Jorian Charlton – fi di gyal dem – CONTACT Photography Festival


The annual Scotiabank CONTACT Photography Festival is known for presenting a diversity of exceptional lens-based projects by Canadian and international artists. Fortunately, the program is not only reserved for those who were able to travel to Toronto this past summer.From the range of artists that the CONTACT team has gathered for this year’s edition, we would like to bring portrait photographer Jorian Charlton to your living room. The virtual exhibition ‘fi di gyal dem’ of works by Charlton and visual artist Kadine Lindsay is running until December 10, presented by Doris McCarthy Gallery in partnership with CONTACT. Visit the exhibition curated by Roya DelSol, enjoy our Q&A with Jorian Charlton, and celebrate with us Black lives!

Alongside portraits, paintings, and animation, the exhibition ‘fi di gyal dem’ includes a series of commissioned, collaborative mixed media pieces which are an intimate celebration of the interior lives of Black women.Jorian, what’s the meaning behind the exhibition’s name ‘fi di gyal dem’?The exhibition's name is Jamaican patois. ‘Fi di’ means ‘for the', and ‘gyal dem’ means ‘girls’. The title is playful, inviting and also fitting as it is an exploration of black womanhood.

You and Kadine take a different route to a remarkably similar depiction of Black womanhood, influenced by your shared Jamaican heritage. How did you two meet?Kadine and I met on Instagram. I really admired their work and immediately knew that I wanted to work with them. Their work was so different from mine, but familiar. For me, Instagram has been a great way to connect with other artists or people I admire / want to collaborate with.

‘fi di gyal dem’ invites viewers to explore the interconnections in your and Kadine’s practices. Tell me more about the behind-the-scenes for this joint exhibition. How was it for you to see your works becoming refracted with additional illustrated elements added by Kadine?The process in which I create work is usually collaborative, so it was nice to see our works in dialogue with each other in a unique way. Kadine’s work is so vibrant and playful which truly complements and contrasts my portraits at the same time. The fluidity and organic lines and forms of her illustrations really activate the still images in a unique way.

Our society often projects upon Black women, or fails to see them at all. Sitting at the intersection of fashion and documentary, your contemporary portrayals allow Black women to be seen as they really are - bold, tender, vulnerable, sensual. Has that always been a focus in your practice? Yes, that has always been my focus in my practice. As a black woman, my work will always be through the lens of a black woman first and foremost. Black women are here and we are delicate and deserve respect. I want my work to show what it looks like when we are given space to be our most authentic selves.

We have many young portrait photographers in our community. Is there any advice that you would like to share with them?My advice to young portrait photographers in the community is to keep pushing yourself and do what you want to do and not what you think you're supposed to do. I didn't always produce work the way I am today. When I first started out, I felt as though I needed to do a little bit of everything in order to be ‘successful’, but soon realized that that wasn't necessarily the path for me. It may take some time to find your element, but it's there and, without sounding too corny, your lens will also guide you. It's important to tap into what you know best and your experiences because that is what will make your work unique.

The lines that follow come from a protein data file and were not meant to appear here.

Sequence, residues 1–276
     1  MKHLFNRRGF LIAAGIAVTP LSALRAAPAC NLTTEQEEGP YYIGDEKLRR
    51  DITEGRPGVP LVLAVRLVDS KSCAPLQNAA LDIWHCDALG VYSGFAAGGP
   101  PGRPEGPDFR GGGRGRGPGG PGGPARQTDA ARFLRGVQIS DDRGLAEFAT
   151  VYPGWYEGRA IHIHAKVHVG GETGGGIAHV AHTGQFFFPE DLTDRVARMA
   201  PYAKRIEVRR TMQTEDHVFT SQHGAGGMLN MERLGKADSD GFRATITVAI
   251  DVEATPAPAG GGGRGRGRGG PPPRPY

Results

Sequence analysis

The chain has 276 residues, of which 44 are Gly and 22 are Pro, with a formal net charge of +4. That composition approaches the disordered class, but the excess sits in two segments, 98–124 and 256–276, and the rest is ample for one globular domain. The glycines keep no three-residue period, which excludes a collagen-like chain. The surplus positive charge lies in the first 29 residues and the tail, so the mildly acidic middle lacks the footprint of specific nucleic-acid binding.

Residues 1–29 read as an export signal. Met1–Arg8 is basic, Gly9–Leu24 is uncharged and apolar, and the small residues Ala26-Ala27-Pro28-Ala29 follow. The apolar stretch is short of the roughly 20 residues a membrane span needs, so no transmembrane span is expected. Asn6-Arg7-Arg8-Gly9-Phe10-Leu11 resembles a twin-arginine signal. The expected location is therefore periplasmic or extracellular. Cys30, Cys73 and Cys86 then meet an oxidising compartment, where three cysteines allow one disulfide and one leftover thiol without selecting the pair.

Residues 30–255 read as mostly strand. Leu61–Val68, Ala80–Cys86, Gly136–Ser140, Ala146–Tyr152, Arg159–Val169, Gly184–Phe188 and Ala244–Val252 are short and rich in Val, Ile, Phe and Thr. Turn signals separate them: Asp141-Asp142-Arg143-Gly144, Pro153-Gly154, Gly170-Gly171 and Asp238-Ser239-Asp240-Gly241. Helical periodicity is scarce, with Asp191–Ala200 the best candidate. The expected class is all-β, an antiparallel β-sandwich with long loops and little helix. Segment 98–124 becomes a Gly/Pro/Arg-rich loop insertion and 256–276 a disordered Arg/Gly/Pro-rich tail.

You have been celebrating Black lives through a range of museum, outdoor, and virtual exhibitions, and we are excited to see what’s coming next. Is there a specific project you are working on right now?I'm always creating and planning new works. I’d like to create a photobook, so I’m starting to prepare for that project.__________________________________________________________________________About the ArtistsJorian Charlton is a portrait photographer based in Toronto. Her work focuses on Jamaican-Canadian culture through her personal experiences, highlighting beauty and style when it comes to contemporary modes of Black representation. She pursues reflections of identity and diasporic relationships to homeland, while her poetic approach to these themes characterizes her method of visual storytelling.Kadine Lindsay is an illustrator based in Toronto, Canada. They mix the styles of late-1990s and early-2000s animation with visuals from their Jamaican upbringing, to tell stories that aren’t usually told, depicting the nuances of Black Existence. In their work they strive to make people feel seen, heard and celebrated.__________________________________________________________________________About Scotiabank CONTACT Photography FestivalCONTACT fosters and celebrates the art and profession of photography with its annual Festival across greater Toronto in May and year-round programming in the CONTACT Gallery.In 2022, the 26th edition of the festival featured over 140 exhibitions by Canadian and international lens-based artists who presented an array of projects online and in museums, galleries, and public spaces across Toronto. Alongside Jorian Charlton, artists include Stephen Andrews, Claudia Andujar, Atong Atem, Raymond Boisjoly, Sandra Brewster, Sophie Calle, Sunil Gupta, Lawrence Abu Hamdan, Brendan George Ko, Meryl McMaster, Memory Work Collective, Tyler Mitchell, Gisela Motta & Leandro Lima, Aïda Muluneh, Shirin Neshat, Anastasia Samoylova, Jeff Thomas, Natalie Wood, and many more.Visit the homepage of CONTACT for ongoing exhibitions.